Outside of sports and certain technical specialties, merit tends to be defined subjectively, primarily by attaching complimentary labels to those who are thought to be meritorious: people who are "fast starters," who "have potential," who show style or demonstrate leadership or otherwise have the mystical "right stuff" that will take them to the top. Once they have risen, as predicted, it is assumed they did so on merit--a reassuring if circular assumption. But what it fails to take into account is the real possibility that merit, objectively defined, has relatively little to do with who gets ahead.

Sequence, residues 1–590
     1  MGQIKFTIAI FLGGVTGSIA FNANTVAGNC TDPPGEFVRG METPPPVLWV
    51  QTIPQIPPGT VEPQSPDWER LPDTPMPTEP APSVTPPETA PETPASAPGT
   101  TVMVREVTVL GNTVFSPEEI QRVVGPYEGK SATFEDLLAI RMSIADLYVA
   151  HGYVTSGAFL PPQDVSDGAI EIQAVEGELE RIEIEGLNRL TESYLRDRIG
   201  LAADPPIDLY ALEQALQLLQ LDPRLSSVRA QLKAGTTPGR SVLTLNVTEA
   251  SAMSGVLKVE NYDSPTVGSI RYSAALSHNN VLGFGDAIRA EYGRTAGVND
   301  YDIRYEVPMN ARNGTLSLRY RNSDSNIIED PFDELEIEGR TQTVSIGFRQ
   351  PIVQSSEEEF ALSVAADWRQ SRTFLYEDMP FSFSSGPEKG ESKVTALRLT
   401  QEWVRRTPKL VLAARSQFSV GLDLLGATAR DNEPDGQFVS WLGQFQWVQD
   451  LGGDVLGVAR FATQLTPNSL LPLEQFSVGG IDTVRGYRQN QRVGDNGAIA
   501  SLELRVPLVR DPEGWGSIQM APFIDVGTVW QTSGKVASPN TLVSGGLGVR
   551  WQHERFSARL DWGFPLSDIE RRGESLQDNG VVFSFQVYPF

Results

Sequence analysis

The current application of "objective" merit looks primarily to standardized tests to determine intelligence and the likelihood of succeeding in college. The University of California took this to heart by dismantling its affirmative action program out of its desire to "treat all Californians equally and fairly." But by dismantling affirmative action, rather than treating all Californians equally and fairly, it elevates privileged Californians who attend better quality schools, who have been raised in households where education is valued and emphasized, and whose families can spend more on their children's educations.